Excerpt from Oral History with Sally B. Loving
Washington-Lee High School is currently undergoing a major renovation , but when it opened in 1925 it was considerably smaller and the community quite different from what it is today.
The following is from an oral history with Sally B. Loving, who taught at W-L for many years.
"When the site was decided upon, some said it was located in a spot in north Arlington equally difficult to reach from all points. And that was about the truth, because the County was not built up and it [the school] was way out in…the field so to speak. The [original] Washington-Lee building cost $200,000, plus $231,339 for equipment.
There were between 450 and 500 students there in 1925, when we entered the building. And when they first got in the building, we had to wait for the arrival of the chairs, so we either sat on the floor or stood. But that was the very beginning.
Washington-Lee was perhaps . . . the beginning of unifying the County, since the students came from Cherrydale, Clarendon, Ballston, Columbia Pike, and so forth. But it didn't take long. . . before you could realize what section of the County they came from. This is if there was a fire the night before: their loyalty went to their community (the fire department), and each one was sure that his fire department got there first. But gradually the spirit grew, as we grew up at Washington-Lee, and the spirit was good."
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My class was the last one to graduate from the old building. Even though it had severe heating issues, the old building had a charm that can not be replaced. There was this cozy warmth about it. The new building is highly impressvie but its too good in a sense. Oh well, may be 70 years from now, someone will say the same again for a newer building built. Sher Afgan, class of 2007
I have volumes of memories of W-L, and Sally B. [and Ruby Shreves, 'Ma' Malott, Mabel Allen, Harry Pitt, Lois Downs, Pat Grafton, Al Haringer, John Youngblood, Bruno Paras, and lots more], and the library at the end of the hall, the home ec and chemistry departments at the end of the 'new wing', assemblies in the theater, dances and JCL toga parties in the Little Theater, dances in the gym as well as great basketball games, concerts with Leonard Bernstein, Sarge Shriver telling us about the Peace Corps, classes in the shop building, finally getting to hang out on the senior court, Bill Watt [class of '61] climbing the greased flag pole in the senior court, the smoking court next to the garbage cans behind the kitchen, football games in War Memorial Stadium, working for the Penman [offices above the yearbook staff in the white house]. I move back to Northern Virginia in 1975 when the original building was torn down, and still have a few salvaged bricks. Susan Clay [firstname.lastname@example.org]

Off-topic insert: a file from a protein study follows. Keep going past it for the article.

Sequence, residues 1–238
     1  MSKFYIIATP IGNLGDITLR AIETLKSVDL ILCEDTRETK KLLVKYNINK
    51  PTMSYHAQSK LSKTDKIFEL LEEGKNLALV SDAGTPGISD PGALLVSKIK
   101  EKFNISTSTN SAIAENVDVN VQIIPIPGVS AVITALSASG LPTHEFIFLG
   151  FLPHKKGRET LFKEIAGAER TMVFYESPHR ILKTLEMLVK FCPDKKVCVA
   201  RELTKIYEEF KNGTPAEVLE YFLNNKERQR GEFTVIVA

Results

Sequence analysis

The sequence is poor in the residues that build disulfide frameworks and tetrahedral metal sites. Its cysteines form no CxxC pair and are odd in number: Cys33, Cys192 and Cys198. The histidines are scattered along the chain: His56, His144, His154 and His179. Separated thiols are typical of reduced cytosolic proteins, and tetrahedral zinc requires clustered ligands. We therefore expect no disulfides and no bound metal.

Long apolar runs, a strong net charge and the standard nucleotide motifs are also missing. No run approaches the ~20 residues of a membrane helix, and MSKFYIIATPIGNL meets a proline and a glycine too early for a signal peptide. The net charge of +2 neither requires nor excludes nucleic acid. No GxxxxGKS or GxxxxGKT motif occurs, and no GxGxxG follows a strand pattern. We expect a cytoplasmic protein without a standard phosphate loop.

Karen Taylor says
W-L is initiating John Youngblood in this year’s Hall of Fame. Any information you can share or family contacts, please send them to email@example.com who is the current Director of Student Activities. Thank you.
Carl L Thoburn says
I loved my work as a mathematics teacher at Washington Lee where I taught for 27 years plus substituting after retirement. I loved every student I taught and wanted nothing but the best for them. I could tell about how I have seen many of them since I retired in 1996. I enjoyed working with the administrators and faculty.
Erin Lynch says
I’m glad to see that you’re still going strong. You were an inspiration.
–Erin Lynch, W-L class of ’98
BS, Mathematics, Caltech